Putting these tasks as jobs in our CI setup is useful; they are often tasks you don’t want to include in your pre-commit hooks, because that would make development a lot slower (it’s not comfortable to have to wait many minutes to finish each commit). But you still want to make sure that any breakage, or a security update, is noticed as soon as possible. Because we work with merge requests (which are the same as GitHub’s pull requests) and those pipelines run every time the code for a merge request is updated, it’s an automatic check that’s part of the code review process. GitLab won’t let us merge the branch in a merge requests when the pipeline fails, so we have to fix any breakage before being able to move on.

Of course, this can also be bypassed, but we include these tasks to help ourselves, not to annoy fellow developers.

Lastly, after we’ve done all the testing and the checking and the making sure that what we have is nothing less than tried and tested, quality software (for as far you can check for ‘quality’ in automation, of course), we roll out our code. Every master branch is deployed to a test environment on every push, which means that upon merge and passing checks, every master update means a test environment update. This is done by simply including a job in the GitLab CI config that runs the Ansible playbooks. We’ve configured the jobs that deploy to the test environment to run automatically on every master update, and have identical jobs for acceptance and production. These are however not executed automatically; we have to start them manually and can only do this when we’ve created a new tag in Git. This couples Git tags (which are version numbers) with release moments, allowing us to keep an administration of what went live at which moment.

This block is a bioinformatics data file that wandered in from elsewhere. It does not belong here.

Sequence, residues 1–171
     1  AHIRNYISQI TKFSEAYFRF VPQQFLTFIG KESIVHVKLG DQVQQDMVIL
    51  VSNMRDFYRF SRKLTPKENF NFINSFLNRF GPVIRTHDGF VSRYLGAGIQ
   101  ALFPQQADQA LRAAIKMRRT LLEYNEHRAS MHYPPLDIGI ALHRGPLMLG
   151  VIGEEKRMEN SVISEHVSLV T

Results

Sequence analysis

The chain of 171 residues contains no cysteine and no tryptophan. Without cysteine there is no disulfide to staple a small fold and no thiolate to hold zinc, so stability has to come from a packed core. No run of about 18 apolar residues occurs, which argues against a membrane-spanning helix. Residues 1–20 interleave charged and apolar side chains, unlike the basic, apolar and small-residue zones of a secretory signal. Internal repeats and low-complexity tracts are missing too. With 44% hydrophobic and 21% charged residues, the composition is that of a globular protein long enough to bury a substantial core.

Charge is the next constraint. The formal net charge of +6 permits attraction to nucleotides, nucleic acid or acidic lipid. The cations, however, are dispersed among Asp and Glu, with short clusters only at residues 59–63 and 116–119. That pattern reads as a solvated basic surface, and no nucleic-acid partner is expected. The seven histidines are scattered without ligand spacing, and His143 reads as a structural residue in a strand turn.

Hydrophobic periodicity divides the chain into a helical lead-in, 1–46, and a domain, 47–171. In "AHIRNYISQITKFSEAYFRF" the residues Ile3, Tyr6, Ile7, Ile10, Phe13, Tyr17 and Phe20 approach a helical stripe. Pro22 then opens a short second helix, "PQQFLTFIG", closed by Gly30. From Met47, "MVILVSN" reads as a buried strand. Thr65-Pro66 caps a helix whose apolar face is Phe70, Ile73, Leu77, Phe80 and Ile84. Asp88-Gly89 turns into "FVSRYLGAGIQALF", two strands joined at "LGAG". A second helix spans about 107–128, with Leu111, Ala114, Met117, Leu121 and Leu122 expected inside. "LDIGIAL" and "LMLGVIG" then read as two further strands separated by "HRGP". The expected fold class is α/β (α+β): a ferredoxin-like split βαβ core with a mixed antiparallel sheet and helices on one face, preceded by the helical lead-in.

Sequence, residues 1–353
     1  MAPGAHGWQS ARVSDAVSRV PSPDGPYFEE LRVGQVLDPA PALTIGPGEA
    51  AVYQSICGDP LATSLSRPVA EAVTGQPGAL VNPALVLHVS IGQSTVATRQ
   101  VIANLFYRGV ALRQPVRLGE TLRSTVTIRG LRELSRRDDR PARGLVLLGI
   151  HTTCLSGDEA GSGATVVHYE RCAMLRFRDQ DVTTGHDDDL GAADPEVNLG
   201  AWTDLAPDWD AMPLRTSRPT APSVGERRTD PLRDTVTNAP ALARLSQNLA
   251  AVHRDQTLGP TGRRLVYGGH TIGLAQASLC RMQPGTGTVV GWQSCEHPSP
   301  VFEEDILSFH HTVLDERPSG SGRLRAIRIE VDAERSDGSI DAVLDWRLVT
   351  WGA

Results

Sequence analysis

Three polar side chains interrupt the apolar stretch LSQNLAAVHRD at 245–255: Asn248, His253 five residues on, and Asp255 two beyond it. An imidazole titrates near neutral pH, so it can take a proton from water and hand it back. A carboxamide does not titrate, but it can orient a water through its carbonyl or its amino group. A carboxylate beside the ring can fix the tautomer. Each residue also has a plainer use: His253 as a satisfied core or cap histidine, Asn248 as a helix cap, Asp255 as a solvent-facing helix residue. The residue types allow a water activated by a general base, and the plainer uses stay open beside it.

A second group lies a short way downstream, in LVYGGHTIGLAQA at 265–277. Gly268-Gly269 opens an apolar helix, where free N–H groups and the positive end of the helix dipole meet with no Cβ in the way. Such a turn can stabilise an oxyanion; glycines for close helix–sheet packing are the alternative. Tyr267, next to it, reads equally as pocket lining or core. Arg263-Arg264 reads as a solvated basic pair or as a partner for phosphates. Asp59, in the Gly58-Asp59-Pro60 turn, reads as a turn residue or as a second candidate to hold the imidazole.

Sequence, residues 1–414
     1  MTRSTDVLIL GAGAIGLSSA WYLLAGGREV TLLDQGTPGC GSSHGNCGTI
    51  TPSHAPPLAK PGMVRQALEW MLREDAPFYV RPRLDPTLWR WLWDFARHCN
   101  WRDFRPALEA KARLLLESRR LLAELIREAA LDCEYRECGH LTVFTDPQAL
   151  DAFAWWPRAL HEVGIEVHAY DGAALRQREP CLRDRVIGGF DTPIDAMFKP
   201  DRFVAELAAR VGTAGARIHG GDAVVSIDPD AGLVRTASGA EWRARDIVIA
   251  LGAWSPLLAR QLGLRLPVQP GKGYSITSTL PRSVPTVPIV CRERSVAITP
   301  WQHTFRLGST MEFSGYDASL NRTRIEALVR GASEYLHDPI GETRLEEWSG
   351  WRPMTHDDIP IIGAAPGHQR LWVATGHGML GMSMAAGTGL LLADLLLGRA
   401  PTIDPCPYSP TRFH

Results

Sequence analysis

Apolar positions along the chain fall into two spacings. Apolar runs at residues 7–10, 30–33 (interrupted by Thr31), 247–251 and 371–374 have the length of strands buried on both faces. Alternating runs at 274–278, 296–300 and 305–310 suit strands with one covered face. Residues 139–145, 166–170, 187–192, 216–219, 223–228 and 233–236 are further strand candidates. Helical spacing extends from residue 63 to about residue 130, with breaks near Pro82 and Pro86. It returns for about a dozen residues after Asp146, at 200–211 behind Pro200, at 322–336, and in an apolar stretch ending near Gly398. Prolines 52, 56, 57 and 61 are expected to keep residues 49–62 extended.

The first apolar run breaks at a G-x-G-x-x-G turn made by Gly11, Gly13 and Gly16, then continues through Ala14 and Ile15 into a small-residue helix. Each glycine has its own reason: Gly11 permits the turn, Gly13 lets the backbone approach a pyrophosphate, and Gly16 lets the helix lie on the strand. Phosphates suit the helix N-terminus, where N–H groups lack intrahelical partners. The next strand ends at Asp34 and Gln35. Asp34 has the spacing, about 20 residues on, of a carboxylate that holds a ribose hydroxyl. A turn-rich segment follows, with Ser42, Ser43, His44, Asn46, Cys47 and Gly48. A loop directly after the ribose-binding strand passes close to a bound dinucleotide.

We say that SIM likes to make things simple. It’s right there in our payoff. But that doesn’t just apply to our products and services; we believe that when you take away the complexity of everything that surrounds the development process, it becomes easier to focus on the development itself. And that benefits the quality of what we put in front of our customers. So the rule is that everything that can be automated, should be automated.

It’s important to note that we not only have all these automated checks in place, but actually haven’t invented any of this ourselves. We put it together based on existing conventions, tools and tips from helpful developers. We chose the checks we think are useful and will keep adding checks when we find additional ones.

Should you have any questions about how to set these things up for your own project, make sure to let us know. We’ll help you gladly. And of course, any useful additions to the above are always welcome!